Arts and Entertainment

It’s been one of the most unusual yet entirely rational career trajectories in the history of popular music. Most artists do one thing, get hot for a while, crest and then resign themselves to nostalgia tours of their heyday. Ricky Skaggs rode bluegrass to one tier of fame, country to another and then returned to the music that launched him - music that allows him to stay fully alive and relevant.

895 Fest: Cordovas Are Closers

May 21, 2019
Val Hoeppner

  More than perhaps any time I can remember, Americana music is defined by songwriter/artists or duos, with fewer bands emerging as contenders for the headlining slots. That’s an observation not a criticism, but it’s worth noting that while artists like Jason Isbell and Margo Price have terrific bands, ensembles branded as bands with collective names tend to think a bit differently about music making and to offer a particular experience for the listener.


For the first time in its 18-year history, four women were nominated as the Americana Music Association's Artist of the Year on Tuesday afternoon. And that wasn't the only way past patterns were disrupted in anticipation of the 2019 Honors & Awards show this Fall. No Album of the Year nominees were among the prospects for Artist of the Year or Duo/Group of the Year. New acts turned up in the Album and Duo/Group category, giving hope for first-time winners.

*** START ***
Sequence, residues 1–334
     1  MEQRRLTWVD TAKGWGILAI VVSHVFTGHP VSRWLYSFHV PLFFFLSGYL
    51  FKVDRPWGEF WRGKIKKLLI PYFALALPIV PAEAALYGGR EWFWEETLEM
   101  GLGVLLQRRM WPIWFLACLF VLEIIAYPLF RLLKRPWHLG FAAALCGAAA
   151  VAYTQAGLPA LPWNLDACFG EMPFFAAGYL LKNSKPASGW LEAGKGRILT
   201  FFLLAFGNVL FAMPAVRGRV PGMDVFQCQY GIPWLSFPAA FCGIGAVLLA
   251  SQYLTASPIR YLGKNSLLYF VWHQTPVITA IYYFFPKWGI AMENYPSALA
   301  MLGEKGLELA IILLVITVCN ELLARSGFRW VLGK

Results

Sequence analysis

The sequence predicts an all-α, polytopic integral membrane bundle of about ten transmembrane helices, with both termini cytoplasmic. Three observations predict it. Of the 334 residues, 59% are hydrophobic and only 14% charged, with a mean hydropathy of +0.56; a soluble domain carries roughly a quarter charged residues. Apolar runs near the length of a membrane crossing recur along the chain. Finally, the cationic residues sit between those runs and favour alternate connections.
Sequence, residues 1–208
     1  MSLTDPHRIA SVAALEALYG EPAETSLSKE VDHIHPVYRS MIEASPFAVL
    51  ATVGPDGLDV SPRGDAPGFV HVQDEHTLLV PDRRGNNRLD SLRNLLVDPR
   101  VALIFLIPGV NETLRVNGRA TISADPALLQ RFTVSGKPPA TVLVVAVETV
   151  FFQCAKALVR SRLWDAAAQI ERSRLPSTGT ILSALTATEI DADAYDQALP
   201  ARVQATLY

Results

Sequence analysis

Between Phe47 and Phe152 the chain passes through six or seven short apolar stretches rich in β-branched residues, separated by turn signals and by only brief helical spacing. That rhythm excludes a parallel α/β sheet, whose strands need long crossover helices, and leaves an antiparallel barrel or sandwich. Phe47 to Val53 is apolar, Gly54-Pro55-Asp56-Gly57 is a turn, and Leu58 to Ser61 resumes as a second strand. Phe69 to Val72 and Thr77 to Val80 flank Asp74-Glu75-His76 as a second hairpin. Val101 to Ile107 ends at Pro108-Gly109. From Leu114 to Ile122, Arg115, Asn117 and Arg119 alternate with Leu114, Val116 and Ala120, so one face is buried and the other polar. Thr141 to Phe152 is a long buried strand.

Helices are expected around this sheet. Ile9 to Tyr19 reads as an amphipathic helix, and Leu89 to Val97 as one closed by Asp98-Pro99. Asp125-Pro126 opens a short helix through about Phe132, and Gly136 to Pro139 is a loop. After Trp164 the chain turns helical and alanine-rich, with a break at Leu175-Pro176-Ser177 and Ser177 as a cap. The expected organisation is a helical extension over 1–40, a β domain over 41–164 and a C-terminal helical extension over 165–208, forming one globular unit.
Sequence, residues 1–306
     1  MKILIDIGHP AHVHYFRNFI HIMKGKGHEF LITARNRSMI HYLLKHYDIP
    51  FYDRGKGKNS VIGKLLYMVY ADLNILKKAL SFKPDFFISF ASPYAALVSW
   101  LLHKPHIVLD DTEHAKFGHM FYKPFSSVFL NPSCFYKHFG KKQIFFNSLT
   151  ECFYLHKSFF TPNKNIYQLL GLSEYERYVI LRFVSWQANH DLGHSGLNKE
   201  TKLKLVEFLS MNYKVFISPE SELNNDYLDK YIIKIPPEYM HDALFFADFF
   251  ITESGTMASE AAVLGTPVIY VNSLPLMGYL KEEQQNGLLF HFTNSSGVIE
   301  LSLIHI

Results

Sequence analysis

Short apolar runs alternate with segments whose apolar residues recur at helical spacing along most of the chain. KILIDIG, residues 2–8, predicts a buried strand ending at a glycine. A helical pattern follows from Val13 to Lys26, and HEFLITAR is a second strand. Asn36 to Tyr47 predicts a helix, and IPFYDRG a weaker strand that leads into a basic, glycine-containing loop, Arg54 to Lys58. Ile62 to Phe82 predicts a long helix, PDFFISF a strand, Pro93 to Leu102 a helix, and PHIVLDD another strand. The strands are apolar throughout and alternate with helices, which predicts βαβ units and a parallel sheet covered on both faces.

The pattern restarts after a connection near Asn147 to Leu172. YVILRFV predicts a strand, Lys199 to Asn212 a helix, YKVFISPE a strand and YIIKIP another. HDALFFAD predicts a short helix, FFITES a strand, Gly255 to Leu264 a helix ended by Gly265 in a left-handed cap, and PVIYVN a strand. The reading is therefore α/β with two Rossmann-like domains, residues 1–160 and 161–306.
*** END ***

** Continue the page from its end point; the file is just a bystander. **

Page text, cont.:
In “Rock Billy Boogie,” a classic 1957 record by the Rock and Roll trio, Johnny Burnette name-checks a Memphis honky tonk.

Well, I know a little spot on the edge of town/Where you can really dig 'em up and set 'em down/It's a little place called, The Hideaway/You do the rockabilly till the break of day...

That little spot has gone by the name Hernando’s Hideaway for so many decades that nobody reliably remembers when it opened. But it re-opens this summer, with hard country singer/songwriter Dale Watson as the new proprietor.

Smithsonian Folkways

The New Orleans Jazz & Heritage Festival just wrapped its 50th edition. If you've never attended, there's no way to effectively convey the feeling of entering the grounds and hearing the energy surging at you from multiple stages. It's a roots music and American culture life goal. Those memories get a stir on a new silver anniversary box set, out today from Smithsonian Folkways. It's a trove of unreleased recordings drawn from the years 1974 to 2016.